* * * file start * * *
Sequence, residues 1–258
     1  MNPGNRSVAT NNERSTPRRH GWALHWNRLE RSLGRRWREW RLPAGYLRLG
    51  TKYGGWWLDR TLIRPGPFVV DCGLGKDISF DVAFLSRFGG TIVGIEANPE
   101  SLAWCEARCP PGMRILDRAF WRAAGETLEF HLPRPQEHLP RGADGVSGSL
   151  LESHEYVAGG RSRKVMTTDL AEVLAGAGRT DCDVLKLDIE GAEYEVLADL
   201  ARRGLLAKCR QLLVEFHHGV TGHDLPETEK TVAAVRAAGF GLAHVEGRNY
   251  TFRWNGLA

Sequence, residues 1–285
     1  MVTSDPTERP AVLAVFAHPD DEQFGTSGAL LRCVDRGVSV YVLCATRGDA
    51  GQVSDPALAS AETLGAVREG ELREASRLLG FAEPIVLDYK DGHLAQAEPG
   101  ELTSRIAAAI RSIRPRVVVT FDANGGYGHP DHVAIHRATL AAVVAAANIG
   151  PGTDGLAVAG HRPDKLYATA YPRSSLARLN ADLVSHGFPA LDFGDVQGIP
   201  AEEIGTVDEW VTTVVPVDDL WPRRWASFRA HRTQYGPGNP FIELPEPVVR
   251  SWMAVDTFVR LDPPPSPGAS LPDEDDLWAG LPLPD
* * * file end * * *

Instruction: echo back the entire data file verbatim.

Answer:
Sequence, residues 1–258
     1  MNPGNRSVAT NNERSTPRRH GWALHWNRLE RSLGRRWREW RLPAGYLRLG
    51  TKYGGWWLDR TLIRPGPFVV DCGLGKDISF DVAFLSRFGG TIVGIEANPE
   101  SLAWCEARCP PGMRILDRAF WRAAGETLEF HLPRPQEHLP RGADGVSGSL
   151  LESHEYVAGG RSRKVMTTDL AEVLAGAGRT DCDVLKLDIE GAEYEVLADL
   201  ARRGLLAKCR QLLVEFHHGV TGHDLPETEK TVAAVRAAGF GLAHVEGRNY
   251  TFRWNGLA

Sequence, residues 1–285
     1  MVTSDPTERP AVLAVFAHPD DEQFGTSGAL LRCVDRGVSV YVLCATRGDA
    51  GQVSDPALAS AETLGAVREG ELREASRLLG FAEPIVLDYK DGHLAQAEPG
   101  ELTSRIAAAI RSIRPRVVVT FDANGGYGHP DHVAIHRATL AAVVAAANIG
   151  PGTDGLAVAG HRPDKLYATA YPRSSLARLN ADLVSHGFPA LDFGDVQGIP
   201  AEEIGTVDEW VTTVVPVDDL WPRRWASFRA HRTQYGPGNP FIELPEPVVR
   251  SWMAVDTFVR LDPPPSPGAS LPDEDDLWAG LPLPD